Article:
Profits at Sports Direct have plummeted nearly 60%, which the firm says is largely due to the weaker pound.
Underlying pre-tax profit fell to £113.7m, down from £275.2m last year, because of “currency movements and increased depreciation charges”.
Chief executive Mike Ashley said it had now taken steps to “minimise the short-term impact of currency volatility”.
Sports Direct’s reputation has been badly hit by revelations about staff conditions at its Derbyshire warehouse.
Chairman Keith Hellawell said the company had made “positive progress” across the business as it continued to “strive to ensure that all of our people are treated with dignity and respect”.
A recent survey of workers in Shirebrook, to which 3,300 people responded, had showed that an “overwhelming majority” of people in the warehouse “currently feel they are treated with respect”, he added.
Staff had elected the company’s first UK workers’ representative and Mr Hellawell said he had “no doubt” their “contribution will prove invaluable to the board as the Sports Direct family continues to move forward together”.
‘Selfridges of Sport’
Sports Direct, which has been without a chief financial officer since last October, also said it had appointed Jon Kempster to the role. Mr Kempster is set to join the company on 11 September.
The company’s key strategy is to turn itself into the “Selfridges of Sport”, and Mr Hellawell said the “elevation of our retail proposition continues to be a key objective”.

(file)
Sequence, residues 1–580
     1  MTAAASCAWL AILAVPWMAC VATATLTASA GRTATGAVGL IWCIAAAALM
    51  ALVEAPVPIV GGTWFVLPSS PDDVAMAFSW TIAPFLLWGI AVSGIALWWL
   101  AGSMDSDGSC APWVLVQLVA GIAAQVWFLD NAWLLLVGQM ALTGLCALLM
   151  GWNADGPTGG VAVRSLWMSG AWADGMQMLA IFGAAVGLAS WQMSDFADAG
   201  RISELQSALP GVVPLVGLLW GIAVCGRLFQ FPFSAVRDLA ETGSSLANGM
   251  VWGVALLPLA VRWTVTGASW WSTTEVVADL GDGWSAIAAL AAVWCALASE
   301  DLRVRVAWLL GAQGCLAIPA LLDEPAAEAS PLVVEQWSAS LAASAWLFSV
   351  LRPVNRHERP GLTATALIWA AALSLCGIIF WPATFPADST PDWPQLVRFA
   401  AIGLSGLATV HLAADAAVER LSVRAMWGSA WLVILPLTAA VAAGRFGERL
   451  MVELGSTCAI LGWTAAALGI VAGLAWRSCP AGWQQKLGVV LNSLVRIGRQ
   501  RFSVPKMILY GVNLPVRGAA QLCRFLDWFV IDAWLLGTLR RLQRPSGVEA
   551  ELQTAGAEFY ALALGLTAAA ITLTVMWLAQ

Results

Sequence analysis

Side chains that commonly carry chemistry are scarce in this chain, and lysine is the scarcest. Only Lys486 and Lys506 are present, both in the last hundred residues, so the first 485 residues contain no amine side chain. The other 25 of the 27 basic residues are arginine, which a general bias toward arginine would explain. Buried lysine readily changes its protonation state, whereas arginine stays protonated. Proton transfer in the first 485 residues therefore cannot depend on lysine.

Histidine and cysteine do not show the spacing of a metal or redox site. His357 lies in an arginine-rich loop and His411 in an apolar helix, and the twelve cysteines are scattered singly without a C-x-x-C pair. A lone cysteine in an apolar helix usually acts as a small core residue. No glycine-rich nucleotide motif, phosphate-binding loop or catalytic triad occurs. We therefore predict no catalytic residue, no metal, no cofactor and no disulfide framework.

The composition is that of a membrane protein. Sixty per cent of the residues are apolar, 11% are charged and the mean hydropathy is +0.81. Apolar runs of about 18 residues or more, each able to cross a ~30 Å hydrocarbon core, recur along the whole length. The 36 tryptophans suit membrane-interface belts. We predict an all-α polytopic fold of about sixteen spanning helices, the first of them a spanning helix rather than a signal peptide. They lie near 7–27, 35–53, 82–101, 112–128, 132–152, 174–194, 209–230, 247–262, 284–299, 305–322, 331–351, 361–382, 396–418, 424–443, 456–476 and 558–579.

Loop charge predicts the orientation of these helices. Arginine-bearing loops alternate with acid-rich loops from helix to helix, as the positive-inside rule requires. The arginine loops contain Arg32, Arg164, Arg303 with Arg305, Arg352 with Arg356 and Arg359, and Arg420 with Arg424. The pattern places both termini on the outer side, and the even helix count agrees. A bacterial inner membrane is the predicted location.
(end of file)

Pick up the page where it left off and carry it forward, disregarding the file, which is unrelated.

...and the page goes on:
The results statement announced that it was forming a “new strategic partnership” with sportswear firm .
The Japanese company will manage dedicated areas within Sports Direct’s new upmarket “premium” stores.
Neil Wilson, senior market analyst at ETX Capital, said this was a “transformational” year for Sports Direct.
Progress was being made on the new premium stores, he said, and they were “a lot more profitable than the existing Sports Direct stores”.
In recent months, Sports Direct has bought 26% stake in Game Digital, increased its stake in Debenhams, acquired lingerie firm Agent Provocateur and snapped up the US sports clothing and outdoor equipment chains Bob’s Stores and Eastern Mountain Sports.
The company’s “spending spree on acquisitions” had affected profits, Mr Wilson said.
“That’s something to bear in mind when we’re looking at these figures and also what that does is it puts Sports Direct in a better position to make a strategic move in, for example, the department store area or in the US with its US acquisitions.”